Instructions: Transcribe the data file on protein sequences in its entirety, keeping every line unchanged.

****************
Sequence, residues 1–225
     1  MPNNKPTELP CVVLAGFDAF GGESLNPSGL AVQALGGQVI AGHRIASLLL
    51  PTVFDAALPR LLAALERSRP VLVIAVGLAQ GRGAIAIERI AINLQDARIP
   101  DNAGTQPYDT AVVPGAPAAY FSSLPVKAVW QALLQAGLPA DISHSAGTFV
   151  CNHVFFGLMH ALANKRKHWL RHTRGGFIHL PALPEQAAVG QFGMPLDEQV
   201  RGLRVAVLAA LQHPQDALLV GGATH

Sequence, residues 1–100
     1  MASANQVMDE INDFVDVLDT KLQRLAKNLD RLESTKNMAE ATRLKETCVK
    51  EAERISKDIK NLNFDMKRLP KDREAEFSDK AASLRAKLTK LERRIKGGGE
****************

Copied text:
Sequence, residues 1–225
     1  MPNNKPTELP CVVLAGFDAF GGESLNPSGL AVQALGGQVI AGHRIASLLL
    51  PTVFDAALPR LLAALERSRP VLVIAVGLAQ GRGAIAIERI AINLQDARIP
   101  DNAGTQPYDT AVVPGAPAAY FSSLPVKAVW QALLQAGLPA DISHSAGTFV
   151  CNHVFFGLMH ALANKRKHWL RHTRGGFIHL PALPEQAAVG QFGMPLDEQV
   201  RGLRVAVLAA LQHPQDALLV GGATH

Sequence, residues 1–100
     1  MASANQVMDE INDFVDVLDT KLQRLAKNLD RLESTKNMAE ATRLKETCVK
    51  EAERISKDIK NLNFDMKRLP KDREAEFSDK AASLRAKLTK LERRIKGGGE